analysis demonstrated that TENS was favored
over control.
2021MusculoskeletalKoukoulithrasSystematic Review and Meta-Analysis620This is a review of the effectiveness on non-pharmacological interventions for individuals with low back pain and pregnancy-related low back pain. A variety of interventions were reviewed: exercise, manipulation, ear acupuncture, Kinesio tape, transcutaneous electrical nerve stimulation (TENS), and neuroemotional technique. TENS and progressive muscle relaxation exercise with music were more effective than the other interventions. [60]
2019MusculoskeletalMartimbiancoSystematic Review
7651This review focused on the use of active TENS compared with sham TENS in individuals with chronic neck pain. Variability noted in the heterogeneity of the studies. This review found very low certainty of evidence for a difference between TENS compared with sham TENS on reducing neck pain.[59]
2018MusculoskeletalWuSystematic Review and Meta-Analysis12700Review of TENS in treatment for individuals with chronic back pain. TENS was compared with a control, sham, placebo, and other types of nerve stimulation therapies (NSTs) including electroacupuncture, Percutaneous electrical nerve stimulation (PENS) and percutaneous neuromodulation therapy (PNT). TENS was more effective than the control group in improving functional disability only in patients with follow-up of < 6 weeks. TENS was similar to the control treatment for providing pain relief, but other nerve stimulation therapies were more effective.[97]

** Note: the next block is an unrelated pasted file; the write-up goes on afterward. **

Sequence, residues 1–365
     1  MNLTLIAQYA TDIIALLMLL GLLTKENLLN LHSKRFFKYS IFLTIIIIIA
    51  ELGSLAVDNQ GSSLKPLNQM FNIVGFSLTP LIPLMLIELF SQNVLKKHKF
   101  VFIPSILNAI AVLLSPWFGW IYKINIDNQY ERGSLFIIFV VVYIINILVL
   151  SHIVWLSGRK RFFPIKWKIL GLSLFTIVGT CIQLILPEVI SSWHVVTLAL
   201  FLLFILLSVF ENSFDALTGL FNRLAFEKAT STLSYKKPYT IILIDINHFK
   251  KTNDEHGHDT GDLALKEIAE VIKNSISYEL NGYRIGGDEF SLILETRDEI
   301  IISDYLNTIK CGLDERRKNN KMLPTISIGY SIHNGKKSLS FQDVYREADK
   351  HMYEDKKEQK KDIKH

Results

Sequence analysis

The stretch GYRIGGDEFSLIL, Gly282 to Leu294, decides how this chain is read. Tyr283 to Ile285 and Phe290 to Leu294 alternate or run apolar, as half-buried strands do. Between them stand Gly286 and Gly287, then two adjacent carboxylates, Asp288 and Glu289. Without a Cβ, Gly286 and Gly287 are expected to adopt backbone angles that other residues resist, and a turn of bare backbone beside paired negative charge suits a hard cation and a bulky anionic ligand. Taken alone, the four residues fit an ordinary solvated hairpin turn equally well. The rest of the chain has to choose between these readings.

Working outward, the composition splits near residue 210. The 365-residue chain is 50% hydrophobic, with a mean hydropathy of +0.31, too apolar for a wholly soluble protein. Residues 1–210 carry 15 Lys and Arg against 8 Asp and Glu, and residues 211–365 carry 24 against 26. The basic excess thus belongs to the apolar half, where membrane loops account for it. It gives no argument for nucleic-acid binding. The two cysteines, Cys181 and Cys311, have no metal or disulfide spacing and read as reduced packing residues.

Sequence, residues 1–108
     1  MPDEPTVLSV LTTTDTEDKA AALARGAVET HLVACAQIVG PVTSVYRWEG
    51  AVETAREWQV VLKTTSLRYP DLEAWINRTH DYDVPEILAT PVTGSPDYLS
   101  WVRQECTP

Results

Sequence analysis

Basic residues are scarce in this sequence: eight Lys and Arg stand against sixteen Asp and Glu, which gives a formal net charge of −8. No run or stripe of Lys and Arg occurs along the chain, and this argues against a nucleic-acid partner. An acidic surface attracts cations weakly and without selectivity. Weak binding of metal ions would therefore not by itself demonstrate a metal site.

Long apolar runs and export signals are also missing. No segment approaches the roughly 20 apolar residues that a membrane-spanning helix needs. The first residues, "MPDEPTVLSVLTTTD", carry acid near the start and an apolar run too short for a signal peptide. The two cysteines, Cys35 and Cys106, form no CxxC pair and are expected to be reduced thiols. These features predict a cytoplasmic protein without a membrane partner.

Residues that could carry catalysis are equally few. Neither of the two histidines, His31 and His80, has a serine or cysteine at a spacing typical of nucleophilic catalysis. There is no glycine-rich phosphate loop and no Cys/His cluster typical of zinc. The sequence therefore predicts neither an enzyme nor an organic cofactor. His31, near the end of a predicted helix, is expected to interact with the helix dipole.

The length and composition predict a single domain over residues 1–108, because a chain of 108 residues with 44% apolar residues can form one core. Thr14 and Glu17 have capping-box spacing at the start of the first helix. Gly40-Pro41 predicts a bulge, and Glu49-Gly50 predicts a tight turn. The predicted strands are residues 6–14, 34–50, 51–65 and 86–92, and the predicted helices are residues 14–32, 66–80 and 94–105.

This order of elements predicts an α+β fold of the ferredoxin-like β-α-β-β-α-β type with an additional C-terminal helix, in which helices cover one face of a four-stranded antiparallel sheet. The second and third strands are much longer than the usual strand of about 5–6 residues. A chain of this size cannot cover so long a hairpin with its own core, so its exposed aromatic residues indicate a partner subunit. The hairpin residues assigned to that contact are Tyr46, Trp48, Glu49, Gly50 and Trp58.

2016MusculoskeletalPageSystematic Review
472388This review focused on electrotherapy modalities for individuals with rotator cuff disease. Interventions included therapeutic ultrasound, low-level laser therapy (LLLT), transcutaneous electrical nerve stimulation (TENS), and pulsed electromagnetic field therapy (PEMF). One TENS study compared TENS with placebo in 20 participants. Another trial was not significantly different for a decrease in pain comparing TENS plus hot pack vs. hot pack. Results are uncertain when examining TENS effectiveness compared with glucocorticoid injection with respect to pain, function, global treatment success, and active range of motion due to very low-quality evidence from a single trial. [98]
2014MusculoskeletalPageSystematic Review
191249A review of multiple modalities for participants with shoulder adhesive capsulitis. The review included four studies with TENS in combination with other treatment strategies but did not compare active TENS alone to placebo or no treatment. The review found low- or very low-quality evidence and reported uncertainty whether any of the modalities, including TENS in combination with other modalities, were effective as adjuncts to exercise.[99]
2022Pelvic HealthArikSystematic Review and Meta-Analysis4260Review to evaluate the effectiveness of TENS in the treatment of pain in women with primary dysmenorrhea with positive results with the comparison of active TENS and sham.[100]
2020Pelvic HealthZimpelSystematic Review
4278Review of complementary and alternative therapies (CAM) for individuals with post-caesarean pain. CAM studies included the interventions of acupuncture or acupressure, aromatherapy, electromagnetic therapy, massage, music therapy, relaxation, and TENS. There was a great deal of heterogeneity among the studies. Quality of evidence varied from low to moderate. TENS (versus no treatment) may reduce pain at one-hour TENS plus analgesia (versus placebo plus analgesia) may reduce pain compared with placebo plus analgesia at one hour and at 24 h. TENS plus analgesia (versus placebo plus analgesia) may reduce heart rate and respiratory rate.[61]